What's the best way to care for a tree during a drought?
Depending on the species of tree and where it’s planted, trees may need some extra help during drought conditions.
Extended droughts can cause decline and death on both young and mature trees. Even large trees more than one hundred years old can decline. It’s better to apply water preventively before the tree canopy begins losing foliage than to wait until these symptoms are advanced.
- Water is one of the most important things trees need. Trees take in water by their roots but many people water the leaves of their trees, creating an environment for disease. Instead, adjust sprinkler heads down to water the soil. Some sprinkler heads may need the nozzle changed to a flat spray.
- Do not water near the trunk unless you’ve planted the tree within the last four or five years. Instead, water the area under the drip-line (edge of the branches) where the tree’s root system extends.
- Water slowly, this allows water to adhere to soil particles on its way down. Soaker hoses and drip irrigation work well.
- Residents in the City of Los Angeles are now prohibited from watering their lawns between 9 a.m. and 4 p.m., and watering is limited to 15 minutes a day. Residential DWP customers who violate the rules will be fined $100, which is double the old fine of $50 for a first-time offense. The fine for businesses that violate the rules quadrupled to $200. Repeat residential offenders can be fined up to $300 and commercial customers up to $600.
- Mulch is a gardener’s best friend. A three to four inch layer of wood chips spread on bare ground will reduce water evaporation, insulate roots from heat, keep the weeds away, and give a home to beneficial microorganisms.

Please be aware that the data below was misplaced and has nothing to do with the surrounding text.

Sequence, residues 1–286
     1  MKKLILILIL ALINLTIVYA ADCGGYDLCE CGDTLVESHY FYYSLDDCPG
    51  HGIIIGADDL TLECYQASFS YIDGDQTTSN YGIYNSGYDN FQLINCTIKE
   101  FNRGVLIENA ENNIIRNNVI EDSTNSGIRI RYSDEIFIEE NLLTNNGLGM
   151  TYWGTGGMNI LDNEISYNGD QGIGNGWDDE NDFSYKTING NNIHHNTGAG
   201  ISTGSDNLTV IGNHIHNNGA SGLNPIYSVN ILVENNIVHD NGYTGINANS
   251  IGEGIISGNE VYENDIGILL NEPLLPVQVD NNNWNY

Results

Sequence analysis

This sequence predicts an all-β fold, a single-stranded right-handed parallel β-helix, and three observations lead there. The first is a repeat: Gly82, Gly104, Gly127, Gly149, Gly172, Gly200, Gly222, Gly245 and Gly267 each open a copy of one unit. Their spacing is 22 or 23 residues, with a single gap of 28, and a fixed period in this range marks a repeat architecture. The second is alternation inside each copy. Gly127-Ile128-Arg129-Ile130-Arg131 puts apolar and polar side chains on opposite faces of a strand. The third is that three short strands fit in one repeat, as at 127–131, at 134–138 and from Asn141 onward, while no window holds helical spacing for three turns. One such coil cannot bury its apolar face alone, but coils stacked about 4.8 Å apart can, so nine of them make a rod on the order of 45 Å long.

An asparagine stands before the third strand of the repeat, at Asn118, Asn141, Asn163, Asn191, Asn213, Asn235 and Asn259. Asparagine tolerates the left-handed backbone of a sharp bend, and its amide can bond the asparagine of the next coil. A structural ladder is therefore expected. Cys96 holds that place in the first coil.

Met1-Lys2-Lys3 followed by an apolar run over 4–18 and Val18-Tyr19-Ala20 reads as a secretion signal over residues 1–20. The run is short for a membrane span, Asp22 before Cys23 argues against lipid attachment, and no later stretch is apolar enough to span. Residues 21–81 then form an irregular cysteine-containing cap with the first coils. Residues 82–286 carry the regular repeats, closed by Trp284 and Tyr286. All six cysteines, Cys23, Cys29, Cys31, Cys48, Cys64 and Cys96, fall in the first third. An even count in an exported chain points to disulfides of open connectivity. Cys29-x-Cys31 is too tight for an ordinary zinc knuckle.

- Avoid over-fertilizing your trees or you may find that sap-sucking insects such as aphids, white fly and scale are paying you a warm weather visit. Pest populations, including insects and disease, increase rapidly with warmer weather. Keep things in balance and you’ll reduce your problems.
- Mature trees: We often take our large trees for granted and forget that they can decline in health during extended drought. Most people don’t realize the tree is in trouble because symptoms appear first in the top center portion of the canopy far from view.
- Do not prune live branches in a severe drought. Removing live tissues forces the tree to expend energy to defend against the pruning cuts. Removing live foliage also reduces the capacity of the tree to grow once rains return.
- Do not fertilize trees in extended drought since this pulls water from the roots and forces the tree to expend precious energy to process the fertilizer.
- Do not dig under the canopy of the tree in drought. Digging under the tree kills the small roots that absorb water, thus reducing the tree's capacity to uptake water.